Arguably this week’s most-anticipated earnings release, for investors in US-listed China stocks anyway, was Alibaba’s (NYSE:BABA). The company reported a solid beat on EPS ($0.81 vs. $0.75 est.), but revenue that fell short of consensus ($4.2 vs. $4.5 billion est.), which sent the stock tanking, closing lower nearly 9% on volume three times heavier than average.
Here’s a quick recap of the quarter’s performance:
- Revenue hit 26 billion RMB ($4.2 billion), up +56% QoQ, +40% YoY
- Operating profit reached 9.3 billion RMB ($1.5 billion), up +115% QoQ, +6% YoY
- Operating profit margin was 36% vs. 26% last quarter and 47% in Q3 last year
- Net income was 5.9 billion RMB ($964 million), up +97% QoQ, -28% YoY
- Net profit margin was 32% vs. 18% last quarter and 45% Q3 last year
Fixed expenses were up on an absolute basis vs. earlier quarters, and as a percentage of sales were 36%, down vs. last quarter’s 41% but higher than earlier quarters. Alibaba increased spending in product development during Q3, and also boosted sales and marketing, items which could provide longer-term payoffs. The near-term increase in costs, however, was one of the reasons for the Q3 earnings miss.
There were some bright spots in the earnings release, like growth in mobile, which contributed a larger portion of total gross merchandise volume than prior quarters. Ironically, the changing mix to more mobile business was one of the factors impacting revenue – non-mobile sales are relatively more lucrative for the company than mobile sales. Monthly active mobile users (those users who made a purchase during the period) hit 265 million in the quarter, growing +22% QoQ and nearly doubling YoY. Although there were clearly some effects on the top line from the growing mobile business, operating metrics are demonstrating clear progress in growth, and achieving an enviable scale.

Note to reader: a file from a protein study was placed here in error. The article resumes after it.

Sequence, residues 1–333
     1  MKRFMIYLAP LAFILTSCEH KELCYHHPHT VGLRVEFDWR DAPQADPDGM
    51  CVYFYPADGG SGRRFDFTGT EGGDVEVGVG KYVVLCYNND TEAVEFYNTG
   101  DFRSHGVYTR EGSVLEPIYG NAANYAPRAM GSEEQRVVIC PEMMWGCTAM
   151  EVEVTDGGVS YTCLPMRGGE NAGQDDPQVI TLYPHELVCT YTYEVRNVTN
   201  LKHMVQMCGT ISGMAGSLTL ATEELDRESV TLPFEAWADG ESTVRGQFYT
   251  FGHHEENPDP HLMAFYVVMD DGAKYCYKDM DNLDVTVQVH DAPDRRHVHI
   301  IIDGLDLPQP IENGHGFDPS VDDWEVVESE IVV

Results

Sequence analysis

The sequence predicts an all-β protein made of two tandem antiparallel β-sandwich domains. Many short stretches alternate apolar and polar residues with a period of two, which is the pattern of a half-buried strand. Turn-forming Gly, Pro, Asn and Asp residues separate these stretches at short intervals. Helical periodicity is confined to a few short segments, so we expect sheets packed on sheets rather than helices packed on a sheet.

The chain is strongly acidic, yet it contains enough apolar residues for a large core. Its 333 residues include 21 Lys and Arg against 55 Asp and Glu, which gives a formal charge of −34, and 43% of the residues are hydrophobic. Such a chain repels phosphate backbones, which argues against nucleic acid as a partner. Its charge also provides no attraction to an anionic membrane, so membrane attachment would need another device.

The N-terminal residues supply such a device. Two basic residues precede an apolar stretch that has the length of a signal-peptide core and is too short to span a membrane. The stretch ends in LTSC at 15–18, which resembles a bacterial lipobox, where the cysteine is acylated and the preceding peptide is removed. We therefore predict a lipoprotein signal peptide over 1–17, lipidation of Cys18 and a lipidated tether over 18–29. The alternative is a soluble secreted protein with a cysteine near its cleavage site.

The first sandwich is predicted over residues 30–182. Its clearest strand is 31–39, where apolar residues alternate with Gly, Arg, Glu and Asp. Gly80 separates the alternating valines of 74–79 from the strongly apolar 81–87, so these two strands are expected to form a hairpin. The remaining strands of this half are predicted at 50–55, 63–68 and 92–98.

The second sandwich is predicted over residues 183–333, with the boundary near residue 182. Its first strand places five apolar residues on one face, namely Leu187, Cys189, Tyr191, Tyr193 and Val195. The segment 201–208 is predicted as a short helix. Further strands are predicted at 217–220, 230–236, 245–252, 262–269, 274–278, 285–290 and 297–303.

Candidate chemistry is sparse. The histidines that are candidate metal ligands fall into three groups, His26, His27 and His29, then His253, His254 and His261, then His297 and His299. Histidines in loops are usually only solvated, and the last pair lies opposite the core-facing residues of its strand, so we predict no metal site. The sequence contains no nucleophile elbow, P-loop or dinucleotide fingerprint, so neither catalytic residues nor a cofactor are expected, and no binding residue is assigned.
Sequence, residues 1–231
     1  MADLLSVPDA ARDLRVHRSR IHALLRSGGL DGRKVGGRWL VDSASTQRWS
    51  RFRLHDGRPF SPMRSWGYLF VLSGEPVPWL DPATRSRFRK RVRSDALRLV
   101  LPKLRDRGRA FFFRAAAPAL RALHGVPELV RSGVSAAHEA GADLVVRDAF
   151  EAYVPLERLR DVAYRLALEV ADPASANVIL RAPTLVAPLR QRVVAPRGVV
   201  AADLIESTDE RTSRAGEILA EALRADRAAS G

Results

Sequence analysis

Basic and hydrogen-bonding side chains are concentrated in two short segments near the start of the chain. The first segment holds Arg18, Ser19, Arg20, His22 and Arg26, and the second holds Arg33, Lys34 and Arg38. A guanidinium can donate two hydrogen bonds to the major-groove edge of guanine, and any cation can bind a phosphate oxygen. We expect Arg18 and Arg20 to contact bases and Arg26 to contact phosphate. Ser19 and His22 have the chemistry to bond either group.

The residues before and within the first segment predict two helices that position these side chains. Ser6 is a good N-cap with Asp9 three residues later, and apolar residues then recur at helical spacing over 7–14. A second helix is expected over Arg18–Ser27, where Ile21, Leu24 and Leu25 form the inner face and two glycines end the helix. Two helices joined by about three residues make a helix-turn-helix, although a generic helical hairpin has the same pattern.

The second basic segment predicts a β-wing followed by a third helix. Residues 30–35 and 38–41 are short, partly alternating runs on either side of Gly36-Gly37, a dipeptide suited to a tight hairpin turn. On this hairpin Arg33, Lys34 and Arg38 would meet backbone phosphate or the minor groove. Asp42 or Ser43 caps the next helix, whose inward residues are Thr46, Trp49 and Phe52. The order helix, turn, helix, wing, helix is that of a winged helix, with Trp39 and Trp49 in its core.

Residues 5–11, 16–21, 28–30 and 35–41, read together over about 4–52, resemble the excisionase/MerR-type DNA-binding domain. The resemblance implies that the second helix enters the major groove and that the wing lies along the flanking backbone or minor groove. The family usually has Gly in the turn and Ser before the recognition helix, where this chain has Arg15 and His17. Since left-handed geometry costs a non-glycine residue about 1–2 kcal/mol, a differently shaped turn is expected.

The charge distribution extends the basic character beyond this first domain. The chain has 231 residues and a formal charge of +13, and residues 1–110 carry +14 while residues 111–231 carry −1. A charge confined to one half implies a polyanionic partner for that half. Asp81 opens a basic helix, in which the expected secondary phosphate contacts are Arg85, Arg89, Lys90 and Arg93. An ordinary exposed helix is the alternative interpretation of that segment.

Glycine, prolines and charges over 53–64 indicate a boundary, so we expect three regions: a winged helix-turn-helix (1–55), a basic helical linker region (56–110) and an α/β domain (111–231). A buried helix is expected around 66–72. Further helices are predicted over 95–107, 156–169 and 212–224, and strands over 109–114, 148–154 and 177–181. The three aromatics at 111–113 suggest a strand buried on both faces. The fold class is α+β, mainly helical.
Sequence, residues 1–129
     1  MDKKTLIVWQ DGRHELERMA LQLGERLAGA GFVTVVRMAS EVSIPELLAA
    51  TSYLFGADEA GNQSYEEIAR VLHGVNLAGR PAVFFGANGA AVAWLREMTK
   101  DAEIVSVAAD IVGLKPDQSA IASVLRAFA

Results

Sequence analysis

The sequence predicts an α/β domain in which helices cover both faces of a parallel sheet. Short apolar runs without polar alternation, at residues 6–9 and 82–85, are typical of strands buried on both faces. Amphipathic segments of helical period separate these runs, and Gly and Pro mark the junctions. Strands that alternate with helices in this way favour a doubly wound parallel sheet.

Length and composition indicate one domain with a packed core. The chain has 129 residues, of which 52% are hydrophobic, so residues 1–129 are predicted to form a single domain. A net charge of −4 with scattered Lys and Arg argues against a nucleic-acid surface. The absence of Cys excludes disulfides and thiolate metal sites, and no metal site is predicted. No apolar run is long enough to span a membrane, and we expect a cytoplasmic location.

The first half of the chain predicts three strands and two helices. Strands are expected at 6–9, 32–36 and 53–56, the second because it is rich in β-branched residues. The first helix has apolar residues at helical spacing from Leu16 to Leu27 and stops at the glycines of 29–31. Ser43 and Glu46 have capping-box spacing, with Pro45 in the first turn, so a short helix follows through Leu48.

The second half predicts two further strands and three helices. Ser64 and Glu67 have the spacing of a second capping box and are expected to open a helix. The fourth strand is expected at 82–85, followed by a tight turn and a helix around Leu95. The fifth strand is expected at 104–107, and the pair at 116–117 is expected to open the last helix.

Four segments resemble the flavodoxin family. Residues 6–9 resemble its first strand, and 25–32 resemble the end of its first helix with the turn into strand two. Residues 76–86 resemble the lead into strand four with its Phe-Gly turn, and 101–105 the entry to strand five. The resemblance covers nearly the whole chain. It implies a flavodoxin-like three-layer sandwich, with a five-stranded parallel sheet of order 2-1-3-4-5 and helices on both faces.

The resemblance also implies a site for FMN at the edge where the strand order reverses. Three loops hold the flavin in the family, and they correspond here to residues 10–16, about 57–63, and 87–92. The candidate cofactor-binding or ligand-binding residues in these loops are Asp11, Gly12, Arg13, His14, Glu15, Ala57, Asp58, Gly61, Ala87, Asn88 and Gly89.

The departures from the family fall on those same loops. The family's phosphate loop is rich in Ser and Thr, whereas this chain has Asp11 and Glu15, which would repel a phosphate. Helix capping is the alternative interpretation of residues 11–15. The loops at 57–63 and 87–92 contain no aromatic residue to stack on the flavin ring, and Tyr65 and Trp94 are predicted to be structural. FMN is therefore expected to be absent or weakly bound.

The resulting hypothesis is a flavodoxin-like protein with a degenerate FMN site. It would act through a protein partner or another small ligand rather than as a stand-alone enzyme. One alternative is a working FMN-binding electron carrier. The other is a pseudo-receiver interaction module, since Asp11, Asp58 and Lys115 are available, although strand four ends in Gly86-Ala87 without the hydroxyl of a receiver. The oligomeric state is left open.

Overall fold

But the elephant in the room was undoubtedly the potential impact from recent reports that the State Administration for Industry and Commerce (SAIC) specifically identified Alibaba as conducting or abetting a host of illegal activities on its platforms. Specifically, the SAIC identified some unfair business practices (bullying merchants), turning a blind eye to counterfeit products and shady online merchants, accepting bribes for favorable search rankings, allowing misleading advertisements, and rigged merchant feedback (here’s more detail).
The bombshell in the SAIC report was that publication was delayed so as to not disrupt Alibaba’s IPO process. Whether or not that is true, or just how much Alibaba knew beforehand, is the question of much debate. The SAIC has apparently taken steps to backpedal a bit, deleting the main link to the report; however, it is still available online.
Management did address this issue on the earnings conference call (excerpt here), remarking that it had no prior knowledge of the report, and also pointed out that fake products are available from offline retailers also (very true). Additionally, the company took the bold move of pointing out what it saw were flaws, and said that it would file a formal complaint against the SAIC.
What will happen next is anyone’s guess. The fact that Alibaba decided to publicly challenge the government’s accusations is a somewhat unusual approach. Chinese companies usually tacitly acknowledge the supreme power of the government by taking a humble and remorseful approach when accused of any misdeeds, but Alibaba seems to be taking the challenge head-on.
Taken in a broader context, it seems that this event may herald increased scrutiny of China’s Internet, both in terms of content and e-commerce. For some investors not considering the potential impact of a regulatory crackdown,there could be some more surprises ahead.